Thursday, October 16, 2008


Across chrome alleys,

(brilliant though I am,)

untouched meditations of tribal villas

(jettisoned memories)

host sacred tablature

(slink in antiquated courtyards
depleted of artifacts;)

screaming obscenities

(yet civil guards tenuously remain)

—forgettable words

( ... )

which nobody recognize

(to scavenge for lost jettison)


(like 'tatterdemalion'.)

for read write poem prompt #48: ("Tatterdemalion slink across chrome alleys ...")

•      •      •      •      •

par·en·thet·i·cal • adj. of, relating to, or inserted as a parenthesis: ignore the parenthetical remarks that pockmark every page.

The Oxford Pocket Dictionary of Current English (2008)

The above form is what I call a parenthetical poem. A parenthetical poem can be read in three ways: as a whole, with the parenthetical "remarks" acting like a witty (or annoying) line-by-line rejoinder (the background breath); with the remarks removed; or by reading only the remarks.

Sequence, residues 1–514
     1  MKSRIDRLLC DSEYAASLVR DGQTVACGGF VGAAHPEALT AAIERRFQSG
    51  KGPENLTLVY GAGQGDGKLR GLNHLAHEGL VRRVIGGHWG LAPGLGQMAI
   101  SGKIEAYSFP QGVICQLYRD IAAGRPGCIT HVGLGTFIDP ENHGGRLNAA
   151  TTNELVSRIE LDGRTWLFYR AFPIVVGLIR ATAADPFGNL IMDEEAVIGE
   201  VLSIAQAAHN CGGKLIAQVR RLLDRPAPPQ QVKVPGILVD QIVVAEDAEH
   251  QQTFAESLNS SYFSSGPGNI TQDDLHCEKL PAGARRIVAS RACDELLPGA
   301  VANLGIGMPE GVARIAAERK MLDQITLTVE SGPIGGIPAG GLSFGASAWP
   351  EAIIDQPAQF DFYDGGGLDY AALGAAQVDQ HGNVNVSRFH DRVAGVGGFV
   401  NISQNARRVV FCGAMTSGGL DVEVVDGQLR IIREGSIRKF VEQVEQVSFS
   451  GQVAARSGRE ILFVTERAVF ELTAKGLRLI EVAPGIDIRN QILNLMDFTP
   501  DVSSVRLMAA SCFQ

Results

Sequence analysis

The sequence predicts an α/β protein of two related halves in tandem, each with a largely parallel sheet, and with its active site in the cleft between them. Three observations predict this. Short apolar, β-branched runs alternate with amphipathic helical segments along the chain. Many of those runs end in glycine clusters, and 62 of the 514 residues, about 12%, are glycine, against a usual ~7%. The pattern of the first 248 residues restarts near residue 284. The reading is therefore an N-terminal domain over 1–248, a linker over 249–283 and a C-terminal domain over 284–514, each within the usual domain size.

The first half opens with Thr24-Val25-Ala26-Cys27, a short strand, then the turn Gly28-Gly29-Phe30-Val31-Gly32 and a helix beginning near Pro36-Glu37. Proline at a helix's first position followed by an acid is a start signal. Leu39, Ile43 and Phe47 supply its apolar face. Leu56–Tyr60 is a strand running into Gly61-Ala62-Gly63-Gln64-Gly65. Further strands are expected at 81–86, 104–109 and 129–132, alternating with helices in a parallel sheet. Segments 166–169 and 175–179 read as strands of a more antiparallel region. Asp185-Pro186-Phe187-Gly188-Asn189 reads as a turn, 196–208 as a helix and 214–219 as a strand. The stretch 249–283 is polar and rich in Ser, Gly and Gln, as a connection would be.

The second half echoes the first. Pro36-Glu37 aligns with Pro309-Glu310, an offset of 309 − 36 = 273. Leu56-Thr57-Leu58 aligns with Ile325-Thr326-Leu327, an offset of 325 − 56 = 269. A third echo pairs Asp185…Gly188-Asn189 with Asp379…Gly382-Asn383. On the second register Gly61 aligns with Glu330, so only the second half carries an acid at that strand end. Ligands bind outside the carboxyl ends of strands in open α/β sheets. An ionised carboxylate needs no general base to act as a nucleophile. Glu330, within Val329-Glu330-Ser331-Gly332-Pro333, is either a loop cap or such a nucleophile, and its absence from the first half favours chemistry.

The idea of the parenthetical derives from the double exposure, the form invented by Greg Williamson.

The poem above was made by taking the words from original poem in the above prompt

tatterdemalion slink across chrome alleys
villas deplete memories of sacred tablature
antiquated courtyards host tribal artifacts
which nobody recognizes nowadays remain
untouched yet civil guards scream obscenities
lost meditation resurfaces I brilliant though
forgettable words tenuously scavenge jettison

and remaking it as a parenthetical poem. (All the words from original poem are used with a couple of grammatical inflections imployed.)